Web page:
Church Growth and Spiritual Life
Results of the Limited Enthusiasm Model with Spiritual Life
In the Spiritual Life model enthusiasts generate the spiritual life of the church, as well as make converts. In addition the effectiveness of the enthusiasts in conversion improves with more spiritual life. The model captures the feedback loop: more life gives more growth and thus gives more life.
As the Spiritual Life model is an extension of the limited enthusiasm model then the latter's results apply. Thus there is a threshold, a tipping point over which revival growth occurs if the reproduction potential is high enough. Growth ends without converting the whole population because the reproduction potential of the enthusiasts is insufficient to impact the dwindling pool of unbelievers. The effect of spiritual life is to enhance the growth of the church
The chief effect of including spiritual life in the model is that its increase enhances the growth of the church, and in particular it enables the church to grow when its normal conversion/reproduction potential is well under the threshold for revival growth.
Consider such a church, a single congregation, where without an increase in its spiritual life revival growth cannot occur. This one is well under the tipping point. the church starts at 10% of the community with 3% of the church enthusiasts. Spiritual life starts low., graph below:
After a brief rise in spiritual life generated through the enthusiasts (it is assumed the life comes from God) then the life rises more moderately. There is church growth, but quite slow. Not what would be called a revival by some. But the real revival is the spiritual life in the believers which is rising, it is just that revival growth has not yet taken place. What is happening is that as that life increases, the enthusiasts are being taken closer to the tipping point for revival growth, until about 16 months from the start growth tips dramatically. Indeed most of the church growth is in the space of about 6 months. Growth ends with 68% of the community in the church. That is massive growth given it started at 10%!
This is type of short burst rapid growth is illustrated in the 1904-5 Welsh revival. Strictly speaking the revival started around the end of 1903. There had been a number of meetings for the deepening of the spiritual life. Notably at Newquay, but also other places. However no rapid growth took place until November 1904 when a tipping point was passed and the meetings at Loughor held by Evan Roberts took place. From data sent in to the local newspaper, the Western Mail, most of the 100,000 converts took place in the following 4 months.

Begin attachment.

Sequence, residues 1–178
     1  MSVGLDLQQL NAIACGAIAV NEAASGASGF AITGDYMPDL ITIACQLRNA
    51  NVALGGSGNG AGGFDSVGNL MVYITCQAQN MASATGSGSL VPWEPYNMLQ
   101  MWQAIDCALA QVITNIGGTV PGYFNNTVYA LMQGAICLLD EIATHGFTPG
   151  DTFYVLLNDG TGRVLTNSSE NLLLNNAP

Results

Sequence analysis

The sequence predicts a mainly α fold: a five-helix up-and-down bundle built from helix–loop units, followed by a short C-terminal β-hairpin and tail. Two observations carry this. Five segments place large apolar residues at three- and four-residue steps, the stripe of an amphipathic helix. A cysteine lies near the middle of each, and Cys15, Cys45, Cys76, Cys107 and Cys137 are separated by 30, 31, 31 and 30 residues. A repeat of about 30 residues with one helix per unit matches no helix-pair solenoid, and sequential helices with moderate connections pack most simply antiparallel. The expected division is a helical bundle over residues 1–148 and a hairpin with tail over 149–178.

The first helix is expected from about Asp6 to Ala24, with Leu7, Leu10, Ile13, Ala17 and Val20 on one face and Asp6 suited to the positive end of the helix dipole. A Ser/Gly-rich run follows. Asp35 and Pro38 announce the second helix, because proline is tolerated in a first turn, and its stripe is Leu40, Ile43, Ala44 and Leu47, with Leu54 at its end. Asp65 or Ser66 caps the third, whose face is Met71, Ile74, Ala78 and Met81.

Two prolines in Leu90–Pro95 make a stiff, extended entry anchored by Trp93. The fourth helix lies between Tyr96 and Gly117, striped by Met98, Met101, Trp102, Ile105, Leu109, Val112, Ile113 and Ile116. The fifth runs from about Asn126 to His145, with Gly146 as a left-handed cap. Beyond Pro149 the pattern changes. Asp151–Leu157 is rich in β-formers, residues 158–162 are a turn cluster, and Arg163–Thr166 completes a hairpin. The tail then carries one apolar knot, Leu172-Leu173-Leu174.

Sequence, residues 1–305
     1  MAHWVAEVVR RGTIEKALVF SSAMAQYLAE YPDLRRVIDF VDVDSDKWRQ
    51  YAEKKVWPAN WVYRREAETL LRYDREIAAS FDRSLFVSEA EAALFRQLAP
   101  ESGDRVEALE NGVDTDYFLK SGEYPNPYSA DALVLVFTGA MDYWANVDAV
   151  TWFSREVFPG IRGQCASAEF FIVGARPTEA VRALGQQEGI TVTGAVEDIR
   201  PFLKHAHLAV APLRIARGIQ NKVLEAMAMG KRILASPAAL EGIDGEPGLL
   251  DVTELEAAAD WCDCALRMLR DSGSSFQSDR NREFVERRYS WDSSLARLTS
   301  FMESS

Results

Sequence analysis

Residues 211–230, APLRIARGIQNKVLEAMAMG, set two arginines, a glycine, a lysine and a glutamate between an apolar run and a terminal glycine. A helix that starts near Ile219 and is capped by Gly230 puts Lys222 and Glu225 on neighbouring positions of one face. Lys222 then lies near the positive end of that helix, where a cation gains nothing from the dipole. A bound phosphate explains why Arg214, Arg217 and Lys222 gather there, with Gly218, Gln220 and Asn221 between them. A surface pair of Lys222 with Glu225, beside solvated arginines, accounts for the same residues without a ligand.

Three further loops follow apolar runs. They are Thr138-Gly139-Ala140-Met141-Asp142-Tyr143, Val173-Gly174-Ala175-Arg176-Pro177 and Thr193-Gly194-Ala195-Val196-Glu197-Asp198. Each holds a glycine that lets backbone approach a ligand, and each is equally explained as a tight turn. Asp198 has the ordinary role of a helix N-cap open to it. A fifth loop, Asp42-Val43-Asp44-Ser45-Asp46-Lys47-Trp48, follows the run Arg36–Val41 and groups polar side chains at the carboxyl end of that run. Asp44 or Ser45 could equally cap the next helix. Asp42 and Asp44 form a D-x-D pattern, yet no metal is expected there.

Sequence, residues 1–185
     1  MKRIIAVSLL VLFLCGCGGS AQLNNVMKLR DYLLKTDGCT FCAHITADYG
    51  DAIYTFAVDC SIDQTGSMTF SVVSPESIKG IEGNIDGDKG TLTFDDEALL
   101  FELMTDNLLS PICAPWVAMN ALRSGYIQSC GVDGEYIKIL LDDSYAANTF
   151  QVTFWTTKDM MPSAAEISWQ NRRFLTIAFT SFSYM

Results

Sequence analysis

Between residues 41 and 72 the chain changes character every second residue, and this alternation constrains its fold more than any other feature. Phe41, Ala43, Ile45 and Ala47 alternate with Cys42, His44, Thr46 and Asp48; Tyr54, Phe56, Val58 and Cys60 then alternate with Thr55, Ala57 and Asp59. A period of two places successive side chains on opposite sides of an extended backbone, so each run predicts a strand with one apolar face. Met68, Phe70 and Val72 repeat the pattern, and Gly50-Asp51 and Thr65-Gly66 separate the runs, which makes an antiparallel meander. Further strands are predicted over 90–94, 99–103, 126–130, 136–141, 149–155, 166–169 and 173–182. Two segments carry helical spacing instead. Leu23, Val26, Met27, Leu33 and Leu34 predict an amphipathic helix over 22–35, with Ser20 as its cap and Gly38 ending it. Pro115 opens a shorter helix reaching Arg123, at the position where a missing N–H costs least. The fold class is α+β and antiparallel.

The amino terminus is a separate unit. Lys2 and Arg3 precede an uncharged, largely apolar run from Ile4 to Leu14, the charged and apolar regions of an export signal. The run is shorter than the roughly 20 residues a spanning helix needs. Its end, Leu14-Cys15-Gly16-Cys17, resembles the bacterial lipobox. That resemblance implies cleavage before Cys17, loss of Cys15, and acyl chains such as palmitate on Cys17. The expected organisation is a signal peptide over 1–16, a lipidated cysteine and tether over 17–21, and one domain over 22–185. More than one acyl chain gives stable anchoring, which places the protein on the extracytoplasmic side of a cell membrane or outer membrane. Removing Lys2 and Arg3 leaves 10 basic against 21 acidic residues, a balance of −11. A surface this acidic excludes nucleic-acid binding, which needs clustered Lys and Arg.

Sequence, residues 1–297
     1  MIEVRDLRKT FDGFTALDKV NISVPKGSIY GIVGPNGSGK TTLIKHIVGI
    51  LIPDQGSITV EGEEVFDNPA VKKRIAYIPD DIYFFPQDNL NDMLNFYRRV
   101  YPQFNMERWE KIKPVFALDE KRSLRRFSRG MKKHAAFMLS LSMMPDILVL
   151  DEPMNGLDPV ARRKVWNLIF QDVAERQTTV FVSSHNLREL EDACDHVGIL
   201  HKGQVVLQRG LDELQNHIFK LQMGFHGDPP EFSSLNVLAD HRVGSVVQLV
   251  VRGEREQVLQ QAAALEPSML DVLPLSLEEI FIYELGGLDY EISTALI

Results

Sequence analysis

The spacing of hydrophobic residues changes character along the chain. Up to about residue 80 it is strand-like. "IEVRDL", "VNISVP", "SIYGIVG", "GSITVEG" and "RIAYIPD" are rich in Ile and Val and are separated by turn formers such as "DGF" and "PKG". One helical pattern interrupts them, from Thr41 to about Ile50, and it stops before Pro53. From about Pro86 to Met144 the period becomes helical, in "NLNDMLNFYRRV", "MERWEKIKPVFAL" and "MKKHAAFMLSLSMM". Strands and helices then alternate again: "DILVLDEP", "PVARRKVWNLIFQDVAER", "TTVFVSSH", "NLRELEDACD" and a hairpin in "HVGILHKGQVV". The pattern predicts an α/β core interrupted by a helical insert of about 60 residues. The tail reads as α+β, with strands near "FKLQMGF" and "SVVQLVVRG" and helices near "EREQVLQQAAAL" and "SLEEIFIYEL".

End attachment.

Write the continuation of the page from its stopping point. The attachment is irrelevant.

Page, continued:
Note the peak in the spiritual life is occurring just before the church stops growing. In that sense the revival has stopped because its spiritual life is declining. Most of the growth occurs while the spiritual life is rising. Revival is enhanced if the church can maintain its spiritual life and not let it decline.
Likewise the peak in the number of enthusiasts is well over the half way point in the growth, unlike in the limited enthusiasm model where spiritual life is assumed constant. Thus once the spiritual life of the church declines, the remaining enthusiasts, although numerous have little effect on conversion.
The reason the spiritual life is declining is because the enthusiasts are failing to reproduce themselves. Notice the enthusiasts peak before the spiritual life, (following graph):
It should be noted that even at its peak the enthusiasts are only just under 12% of the church. Only a very small proportion of the church is effective in conversion. What is missing from this model is renewal, the ability to make enthusiasts out of existing believers. If renewal were taking place the enthusiasts and spiritual life could be maintained for longer. See the renewal model for details.
It is interesting to compare the above run with the situation where the spiritual life is not enhancing the enthusiasts ability to recruit, perhaps because they are channeling the work of God into their own enjoyment rather than into recruitment activities:
Spiritual life burns out quickly, the enthusiasts are unable to reproduce themselves from the few converts they make, the tipping point is not reached. Church grows from 10% to 11% of the community. Definitely not a revival. A number of church growth principles come from this:
This work was part of an M.Phil project pursued by L. Howells at the University of South Wales, thesis Dynamics of Church Growth and Spiritual Life, 2015.